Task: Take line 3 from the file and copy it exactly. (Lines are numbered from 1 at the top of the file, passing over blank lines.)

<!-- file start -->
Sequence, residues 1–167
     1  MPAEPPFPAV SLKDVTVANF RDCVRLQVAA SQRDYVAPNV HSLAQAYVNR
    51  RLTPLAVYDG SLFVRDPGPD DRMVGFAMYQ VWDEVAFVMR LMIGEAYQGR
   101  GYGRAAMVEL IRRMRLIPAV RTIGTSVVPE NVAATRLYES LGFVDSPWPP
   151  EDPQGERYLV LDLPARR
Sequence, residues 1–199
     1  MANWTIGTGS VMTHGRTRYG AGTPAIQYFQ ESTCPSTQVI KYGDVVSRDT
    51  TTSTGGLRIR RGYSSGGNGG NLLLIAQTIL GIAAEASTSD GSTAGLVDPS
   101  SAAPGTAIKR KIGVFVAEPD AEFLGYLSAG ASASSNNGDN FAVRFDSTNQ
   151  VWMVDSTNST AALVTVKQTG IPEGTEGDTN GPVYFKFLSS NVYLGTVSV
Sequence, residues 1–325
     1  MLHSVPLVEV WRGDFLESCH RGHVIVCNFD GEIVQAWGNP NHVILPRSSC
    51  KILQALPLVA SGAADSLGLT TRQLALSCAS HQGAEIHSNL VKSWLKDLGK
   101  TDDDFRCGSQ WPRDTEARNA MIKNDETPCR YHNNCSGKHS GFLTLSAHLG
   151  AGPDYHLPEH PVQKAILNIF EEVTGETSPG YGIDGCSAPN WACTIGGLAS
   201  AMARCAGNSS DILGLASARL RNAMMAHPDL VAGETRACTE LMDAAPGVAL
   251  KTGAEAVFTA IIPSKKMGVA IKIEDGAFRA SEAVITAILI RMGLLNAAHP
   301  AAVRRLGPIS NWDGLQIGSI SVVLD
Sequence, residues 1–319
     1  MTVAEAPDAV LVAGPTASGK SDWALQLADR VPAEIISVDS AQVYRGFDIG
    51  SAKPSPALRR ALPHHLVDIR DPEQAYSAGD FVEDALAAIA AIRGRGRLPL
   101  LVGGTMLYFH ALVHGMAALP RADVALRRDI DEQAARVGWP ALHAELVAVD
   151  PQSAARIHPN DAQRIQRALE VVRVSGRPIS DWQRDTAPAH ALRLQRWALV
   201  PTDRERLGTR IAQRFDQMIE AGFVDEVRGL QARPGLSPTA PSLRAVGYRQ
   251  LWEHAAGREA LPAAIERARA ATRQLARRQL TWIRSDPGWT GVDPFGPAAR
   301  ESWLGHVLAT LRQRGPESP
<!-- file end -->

    51  RLTPLAVYDG SLFVRDPGPD DRMVGFAMYQ VWDEVAFVMR LMIGEAYQGR